Most political art has ended up on the trash heap of art history, because most political artwork is bad. “

    Robert, that position is narrow and reductive in my opinion. You can’t ignore the context in which a work of art is made. Nobody may care now of the Napoleonic Wars, but the reason that work of art is remembered is because of the context in which it was made. Any work of art that is remembered is based in placing it in the context of history, including figurative or abstract works. To negate that history is a bit disingenuous.

    I had a professor once tell me that the beauty of the art world is that it can even find a place for the duck painter. But I am surprised at the level of resistance that artists who speak about matters of politics or social change receive in the U.S., which in my opinion puts our contemporary art scene behind much of the rest of the world.

    And the statement that most political art is bad I think is hyperbolic. I would argue there are probably more bad still-lifes being made in the U.S. than political art, but no one ever criticizes that with the same disdain. Maybe most art is bad – OK. Maybe including mine… OK. But why is one subject more palatable within the broader frame of Art?

    Political work is simply another subject – and its merits are just as valid as any other type of work… including duck paintings.

    1. OK, I’ll bite. Most still-lifes are terrible. As are most duck paintings. (These facts seem so commonplace that they aren’t really worth mentioning, except that you brought them up as part of your argument.)

  5. Well, I don’t think that art can save the world, agree with a bunch of Seth’s points. Re painting in a gallery, I’ll bet that a gallery’s audience isn’t exclusively liberal and that some galleries in Texas and beyond might think twice before putting up work like Vincent Valdez’s. And I suppose that one Republican candidate for President is giving artists more than enough inspiration to respond, from their guts, to what that candidate represents. I think it’s Vincent’s personal Letter to the Editor created with a brush as opposed to a pen.

  6. Juan Miro's bastard child's child

    Ed Blackburn? Robert Pruitt? Hell, Valdez’s mentor Alex Rubio? They all make art that is politically motivated, might not be overt enough for some.

    Let’s get them an article too.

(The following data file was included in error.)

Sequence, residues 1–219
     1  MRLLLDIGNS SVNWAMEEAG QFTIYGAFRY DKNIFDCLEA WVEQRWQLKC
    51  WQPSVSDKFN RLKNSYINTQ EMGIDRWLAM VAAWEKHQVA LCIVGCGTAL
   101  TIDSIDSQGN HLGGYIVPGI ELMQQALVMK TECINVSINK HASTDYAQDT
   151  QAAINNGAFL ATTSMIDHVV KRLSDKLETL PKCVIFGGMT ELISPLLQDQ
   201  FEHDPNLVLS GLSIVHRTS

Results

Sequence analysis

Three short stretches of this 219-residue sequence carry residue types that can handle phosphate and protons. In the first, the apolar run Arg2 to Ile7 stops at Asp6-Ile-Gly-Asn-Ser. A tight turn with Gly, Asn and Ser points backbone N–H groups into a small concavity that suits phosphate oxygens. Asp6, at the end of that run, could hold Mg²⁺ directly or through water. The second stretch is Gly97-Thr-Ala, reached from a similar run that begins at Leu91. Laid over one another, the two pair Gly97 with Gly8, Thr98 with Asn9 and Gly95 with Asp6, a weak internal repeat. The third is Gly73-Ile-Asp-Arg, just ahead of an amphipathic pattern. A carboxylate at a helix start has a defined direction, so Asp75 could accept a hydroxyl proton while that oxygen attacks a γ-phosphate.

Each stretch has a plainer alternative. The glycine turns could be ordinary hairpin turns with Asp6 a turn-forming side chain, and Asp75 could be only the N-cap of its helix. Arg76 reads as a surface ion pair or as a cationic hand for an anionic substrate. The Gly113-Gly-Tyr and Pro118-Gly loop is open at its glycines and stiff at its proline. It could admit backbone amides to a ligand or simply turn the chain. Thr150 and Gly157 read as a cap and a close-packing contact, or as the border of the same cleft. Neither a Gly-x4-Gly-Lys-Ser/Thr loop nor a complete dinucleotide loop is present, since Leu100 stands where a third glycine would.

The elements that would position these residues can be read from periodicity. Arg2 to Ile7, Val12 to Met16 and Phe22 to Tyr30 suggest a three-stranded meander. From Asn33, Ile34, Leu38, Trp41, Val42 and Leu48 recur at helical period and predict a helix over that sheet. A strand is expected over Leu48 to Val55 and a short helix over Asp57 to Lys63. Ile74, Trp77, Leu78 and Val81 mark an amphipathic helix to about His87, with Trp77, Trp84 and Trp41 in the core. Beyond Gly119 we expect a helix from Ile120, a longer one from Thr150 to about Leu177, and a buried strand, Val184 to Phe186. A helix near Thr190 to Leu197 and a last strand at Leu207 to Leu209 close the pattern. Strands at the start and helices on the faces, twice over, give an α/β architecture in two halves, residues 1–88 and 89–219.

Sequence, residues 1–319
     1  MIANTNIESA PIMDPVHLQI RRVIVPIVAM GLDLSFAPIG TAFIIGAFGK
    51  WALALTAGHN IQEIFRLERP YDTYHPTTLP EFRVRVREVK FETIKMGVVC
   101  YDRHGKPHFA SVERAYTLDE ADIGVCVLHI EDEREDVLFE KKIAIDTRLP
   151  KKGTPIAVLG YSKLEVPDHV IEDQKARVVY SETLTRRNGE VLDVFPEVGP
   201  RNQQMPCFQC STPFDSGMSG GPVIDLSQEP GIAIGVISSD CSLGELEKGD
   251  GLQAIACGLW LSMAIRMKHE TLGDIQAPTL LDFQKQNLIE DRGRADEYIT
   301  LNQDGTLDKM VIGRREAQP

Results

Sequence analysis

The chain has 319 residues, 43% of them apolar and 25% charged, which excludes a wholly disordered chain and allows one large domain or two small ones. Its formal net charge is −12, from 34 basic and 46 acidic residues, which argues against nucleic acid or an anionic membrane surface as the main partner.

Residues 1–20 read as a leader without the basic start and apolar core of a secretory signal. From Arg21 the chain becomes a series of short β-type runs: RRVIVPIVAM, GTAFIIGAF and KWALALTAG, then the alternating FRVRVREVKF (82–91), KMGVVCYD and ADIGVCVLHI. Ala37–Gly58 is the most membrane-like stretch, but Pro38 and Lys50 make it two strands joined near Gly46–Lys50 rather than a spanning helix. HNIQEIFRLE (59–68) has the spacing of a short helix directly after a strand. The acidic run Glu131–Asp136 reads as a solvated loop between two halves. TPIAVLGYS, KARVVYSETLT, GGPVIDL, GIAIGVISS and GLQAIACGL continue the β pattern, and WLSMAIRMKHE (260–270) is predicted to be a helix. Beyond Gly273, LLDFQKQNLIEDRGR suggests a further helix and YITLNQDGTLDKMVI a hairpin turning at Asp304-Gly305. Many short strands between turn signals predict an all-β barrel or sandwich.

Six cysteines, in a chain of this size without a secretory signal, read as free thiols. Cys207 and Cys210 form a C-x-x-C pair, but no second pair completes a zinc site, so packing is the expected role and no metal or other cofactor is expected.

Between crappy governors, senators and councilmen, artists should have material for days.

  7. Christopher Blay

    If your politic as a person, is apathy or indifference, you can comfortably compartmentalize your response to the world from your art practice. You feel no urge to respond to the world with what you make, and you have no conflict in that regard. Artist make the things they have to make, regardless of a sympathetic audience or quantifying their impact. Vincent makes what he makes because he has a microphone and sees it as a way of marking the times in which he lives. This op Ed feels like a challenge and encouragement for like minded artists to consider, in a current political and social environment where the loudest and most vehement voices go unchallenged.

  8. Billy Kirkland

    However trite it may be, I can never get enough of generic Southern white people being portrayed/exposed as Klansmen! It just never gets old!

    In addition to all the wonderfully evocative details present in this painting, e.g.,“One holds a beer, one holds a baby, one checks his iPhone. One, with a woman’s hands, whispers to another. It is after dark. Dust swirls in the glowing headlights of a Chevy pickup, the main source of light other than a pinhole moon and the nighttime grid of a city in the distance.”, I could easily imagine/picture Chik-Fil-A boxes littering the ground, spilling their partially consumed homophobic contents on the red dirt. Such a powerful work!

    I live in this heart of darkness known as Austin,Texas, the only major metropolitan city that’s actually seeing a decrease in its African American population. I’m white, so I wonder if I too should be afraid of my neighbors, my family and my co-workers. We all understand that it’s just too damn easy to be blind to one’s own complicity in the perpetuation of evil through the banal privilege of one’s own skin color. As Bernie Sanders has pointed out, I fear all of us white people will never understand what it’s like to be poor, to be homeless, to be imprisoned, to be oppressed for our beliefs (religious or otherwise), etc. I vote for more art just like this!

    As an aside, I think this piece would make a wonderful addition to the lobby decor of the offices of the SPLC (hint hint David Shelton Gallery)! I could see Mark Potok using it to great effect as a backdrop for his appearances on national media. What better image for highlighting the existential threat posed to our nation by white supremacists, domestic extremists, bitter clingers and Trump supporters (who are all neatly summed in this painting “The City”, or as the NYTimes would have it, “An All-American Family Portrait, in White”) than this work?!!!